Points, Lines, Planes, and Space Help
Introduction to Plane Geometry
Solid geometry involves points, lines, and planes. The difference between plane geometry and solid geometry is the fact that there’s an extra dimension. This means greater freedom, such as we would enjoy if we had flying cars. It also means that things are more complicated, reflecting the expanded range of maneuvers we would have to master if we had flying cars.
A point in space can be envisioned as an infinitely tiny sphere, having height, width, and depth all equal to zero, but nevertheless possessing a specific location. A point is zero-dimensional (0D). A point in space is just like a point in a plane or a point on a line.
A line can be thought of as an infinitely thin, perfectly straight, infinitely long wire. It is one-dimensional (1D). A line in space is just like a line in a plane, but there are more possible directions in which lines can be oriented in space, as compared with lines confined to a plane.
A plane can be imagined as an infinitely thin, perfectly flat surface having an infinite expanse. A plane is two-dimensional (2D). A plane comprises a “flat 2D universe” in which all the rules of Euclidean plane geometry apply.
Space is the set of points representing all possible physical locations in the universe. Space is three-dimensional (3D). The idiosyncrasies of time, often called a “fourth dimension,” are ignored in Euclidean space .
Time - 3D
An alternative form of 3D can be defined in which there are two spatial dimensions and one time dimension. This type of three-space can be thought of as an Euclidean plane that has always existed, exists now, and always will exist.
Hyperspace - 4D
If time is included in a concept of space, we get four-dimensional (4D) space, also known as hyperspace. We’ll look at hyperspace later in this book. It, as you can imagine, gives us “hyperfreedom.”
Naming Points, Lines, And Planes
Points, lines, and planes in solid geometry are usually named using uppercase, italicized letters of the alphabet, just as they are in plane geometry. A common name for a point is P (for “point”). A common name for a line is L (for “line”). When it comes to planes in 3D space, we must use our imaginations. The letters X, Y , and Z are good choices. Sometimes lowercase, nonitalic letters are used, such as m and n.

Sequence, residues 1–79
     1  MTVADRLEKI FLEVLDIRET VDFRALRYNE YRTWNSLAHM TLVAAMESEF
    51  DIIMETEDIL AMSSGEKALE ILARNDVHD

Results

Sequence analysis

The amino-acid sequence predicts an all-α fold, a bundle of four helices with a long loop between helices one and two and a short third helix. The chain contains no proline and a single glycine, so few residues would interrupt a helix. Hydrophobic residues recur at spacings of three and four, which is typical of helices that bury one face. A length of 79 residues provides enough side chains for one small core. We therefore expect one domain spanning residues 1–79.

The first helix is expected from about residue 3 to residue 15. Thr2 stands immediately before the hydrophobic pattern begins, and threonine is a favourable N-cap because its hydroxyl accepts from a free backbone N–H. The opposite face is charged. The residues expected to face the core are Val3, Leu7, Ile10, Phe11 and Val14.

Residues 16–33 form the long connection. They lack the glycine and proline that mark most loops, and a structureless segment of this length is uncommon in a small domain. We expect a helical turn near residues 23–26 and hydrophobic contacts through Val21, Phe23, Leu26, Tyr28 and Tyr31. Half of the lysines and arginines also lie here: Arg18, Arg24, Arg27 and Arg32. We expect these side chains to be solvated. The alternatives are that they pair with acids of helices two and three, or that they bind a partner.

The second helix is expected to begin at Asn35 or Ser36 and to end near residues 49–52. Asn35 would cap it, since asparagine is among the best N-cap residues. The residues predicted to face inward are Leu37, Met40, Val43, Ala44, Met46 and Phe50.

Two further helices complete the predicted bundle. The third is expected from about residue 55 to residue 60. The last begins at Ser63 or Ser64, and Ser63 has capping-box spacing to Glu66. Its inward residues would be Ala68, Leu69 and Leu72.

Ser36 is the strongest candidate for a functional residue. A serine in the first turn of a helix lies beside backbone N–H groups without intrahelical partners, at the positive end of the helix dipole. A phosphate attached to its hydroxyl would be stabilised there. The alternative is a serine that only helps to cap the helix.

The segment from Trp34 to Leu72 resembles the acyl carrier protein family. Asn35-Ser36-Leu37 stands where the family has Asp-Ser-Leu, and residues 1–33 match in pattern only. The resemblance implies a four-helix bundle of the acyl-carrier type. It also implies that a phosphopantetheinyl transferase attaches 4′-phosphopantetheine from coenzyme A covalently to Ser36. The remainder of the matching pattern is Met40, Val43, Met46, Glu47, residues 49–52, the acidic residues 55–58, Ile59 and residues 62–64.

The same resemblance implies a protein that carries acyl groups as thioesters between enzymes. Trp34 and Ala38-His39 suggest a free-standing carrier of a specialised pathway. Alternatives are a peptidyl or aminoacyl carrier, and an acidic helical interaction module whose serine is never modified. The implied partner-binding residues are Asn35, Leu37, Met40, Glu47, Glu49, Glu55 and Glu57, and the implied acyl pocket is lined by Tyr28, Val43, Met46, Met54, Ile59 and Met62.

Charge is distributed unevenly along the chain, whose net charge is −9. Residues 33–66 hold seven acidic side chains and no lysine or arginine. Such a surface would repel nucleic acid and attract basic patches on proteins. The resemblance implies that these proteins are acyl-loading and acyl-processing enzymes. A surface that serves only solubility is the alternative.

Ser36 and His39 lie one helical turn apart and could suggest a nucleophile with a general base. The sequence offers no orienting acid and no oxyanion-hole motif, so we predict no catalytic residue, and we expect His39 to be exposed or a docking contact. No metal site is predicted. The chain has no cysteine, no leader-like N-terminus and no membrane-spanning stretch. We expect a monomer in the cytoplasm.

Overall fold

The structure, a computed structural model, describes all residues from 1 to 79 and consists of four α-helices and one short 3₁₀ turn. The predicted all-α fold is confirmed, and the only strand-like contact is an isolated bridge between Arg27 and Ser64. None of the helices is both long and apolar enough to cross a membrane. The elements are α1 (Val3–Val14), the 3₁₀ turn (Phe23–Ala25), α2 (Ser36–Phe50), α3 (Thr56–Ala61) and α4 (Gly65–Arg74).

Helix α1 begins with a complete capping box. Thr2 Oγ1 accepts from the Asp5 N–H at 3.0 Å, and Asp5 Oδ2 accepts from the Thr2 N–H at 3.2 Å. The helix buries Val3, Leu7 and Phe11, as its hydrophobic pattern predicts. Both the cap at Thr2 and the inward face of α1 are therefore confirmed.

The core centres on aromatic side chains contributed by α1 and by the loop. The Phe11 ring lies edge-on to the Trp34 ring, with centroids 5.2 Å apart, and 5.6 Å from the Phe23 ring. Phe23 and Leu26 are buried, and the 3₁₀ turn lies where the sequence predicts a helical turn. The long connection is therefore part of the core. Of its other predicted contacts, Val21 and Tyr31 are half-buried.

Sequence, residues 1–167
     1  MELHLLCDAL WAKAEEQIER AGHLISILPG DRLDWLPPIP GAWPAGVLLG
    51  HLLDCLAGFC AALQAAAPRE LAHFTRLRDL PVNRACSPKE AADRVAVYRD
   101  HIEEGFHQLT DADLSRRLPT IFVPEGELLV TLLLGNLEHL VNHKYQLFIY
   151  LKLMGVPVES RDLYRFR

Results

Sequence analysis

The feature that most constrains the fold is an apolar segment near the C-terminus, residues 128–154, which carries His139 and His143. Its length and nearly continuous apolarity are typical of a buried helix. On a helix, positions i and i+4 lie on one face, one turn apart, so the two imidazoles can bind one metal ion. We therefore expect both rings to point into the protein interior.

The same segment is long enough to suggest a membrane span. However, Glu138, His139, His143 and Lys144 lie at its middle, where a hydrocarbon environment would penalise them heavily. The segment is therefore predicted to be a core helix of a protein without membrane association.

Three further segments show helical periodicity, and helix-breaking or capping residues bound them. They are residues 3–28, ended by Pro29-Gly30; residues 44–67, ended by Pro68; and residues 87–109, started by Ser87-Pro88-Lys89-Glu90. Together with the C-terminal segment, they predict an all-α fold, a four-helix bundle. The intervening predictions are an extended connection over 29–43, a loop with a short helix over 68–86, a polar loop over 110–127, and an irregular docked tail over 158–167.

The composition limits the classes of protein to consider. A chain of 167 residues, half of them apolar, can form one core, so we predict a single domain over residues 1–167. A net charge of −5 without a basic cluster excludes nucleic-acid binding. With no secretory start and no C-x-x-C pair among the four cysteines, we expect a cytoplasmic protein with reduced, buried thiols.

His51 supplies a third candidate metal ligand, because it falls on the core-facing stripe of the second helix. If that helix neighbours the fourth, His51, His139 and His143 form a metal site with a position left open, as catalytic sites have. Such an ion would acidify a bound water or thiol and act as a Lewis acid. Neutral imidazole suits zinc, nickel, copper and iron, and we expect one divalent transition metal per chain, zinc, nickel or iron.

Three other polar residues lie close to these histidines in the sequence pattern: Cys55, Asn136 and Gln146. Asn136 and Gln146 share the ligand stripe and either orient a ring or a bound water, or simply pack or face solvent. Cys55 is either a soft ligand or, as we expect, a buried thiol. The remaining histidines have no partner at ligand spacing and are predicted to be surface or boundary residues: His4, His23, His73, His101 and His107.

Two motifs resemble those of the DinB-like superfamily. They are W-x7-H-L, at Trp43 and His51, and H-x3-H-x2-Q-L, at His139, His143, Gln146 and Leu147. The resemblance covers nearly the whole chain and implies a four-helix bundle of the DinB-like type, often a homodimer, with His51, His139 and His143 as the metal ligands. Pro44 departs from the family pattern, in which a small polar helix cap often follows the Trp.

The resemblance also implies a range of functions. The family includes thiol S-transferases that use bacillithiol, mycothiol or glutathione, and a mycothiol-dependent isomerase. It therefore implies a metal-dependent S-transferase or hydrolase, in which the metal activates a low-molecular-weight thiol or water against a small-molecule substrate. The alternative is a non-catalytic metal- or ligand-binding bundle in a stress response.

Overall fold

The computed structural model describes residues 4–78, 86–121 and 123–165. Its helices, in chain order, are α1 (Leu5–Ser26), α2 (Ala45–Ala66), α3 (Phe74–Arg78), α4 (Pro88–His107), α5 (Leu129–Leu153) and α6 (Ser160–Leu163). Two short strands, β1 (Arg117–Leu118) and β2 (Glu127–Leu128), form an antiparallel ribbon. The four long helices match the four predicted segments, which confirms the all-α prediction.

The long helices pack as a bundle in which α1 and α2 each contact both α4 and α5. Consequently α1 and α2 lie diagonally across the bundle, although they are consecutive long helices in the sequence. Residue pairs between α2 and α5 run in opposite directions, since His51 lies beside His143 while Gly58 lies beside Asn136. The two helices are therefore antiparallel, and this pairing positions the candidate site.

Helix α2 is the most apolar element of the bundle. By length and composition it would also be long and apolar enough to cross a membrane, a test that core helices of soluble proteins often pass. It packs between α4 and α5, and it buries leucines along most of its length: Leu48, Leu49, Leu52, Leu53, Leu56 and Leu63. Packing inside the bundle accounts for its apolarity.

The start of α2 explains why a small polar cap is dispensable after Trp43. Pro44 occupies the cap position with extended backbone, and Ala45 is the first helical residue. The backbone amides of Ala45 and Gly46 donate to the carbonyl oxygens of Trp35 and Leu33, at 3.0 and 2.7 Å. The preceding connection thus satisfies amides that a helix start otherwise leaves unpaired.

When we have two or more points, the letters immediately following P are used, for example Q, R, and S . If two or more lines exist, the letters immediately following L are used, for example M and N . Alternatively, numeric subscripts can be used. We might have points called P 1, P 2, P 3, and so forth, lines called L 1, L 2, L 3, and so forth, and planes called X 1, X 2, X 3, and so forth.
Point and Line Principles
Three Point Principle
Suppose that P, Q , and R are three different geometric points, no two of which lie on the same line. Then these points define one and only one (a unique or specific) plane X . The following two statements are always true, as shown in Fig. 7-1:
- P, Q , and R lie in a common plane X
- X is the only plane in which all three points lie
In order to show that a surface extends infinitely in 2D, we have to be imaginative. It’s not as easy as showing that a line extends infinitely in 1D, because there aren’t any good ways to draw arrows on the edges of a plane region the way we can draw them on the ends of a line segment. It is customary to draw planes as rectangles in perspective; they appear as rectangles, parallelograms, or trapezoids when rendered on a flat page. This is all right, as long as it is understood that the surface extends infinitely in 2D.
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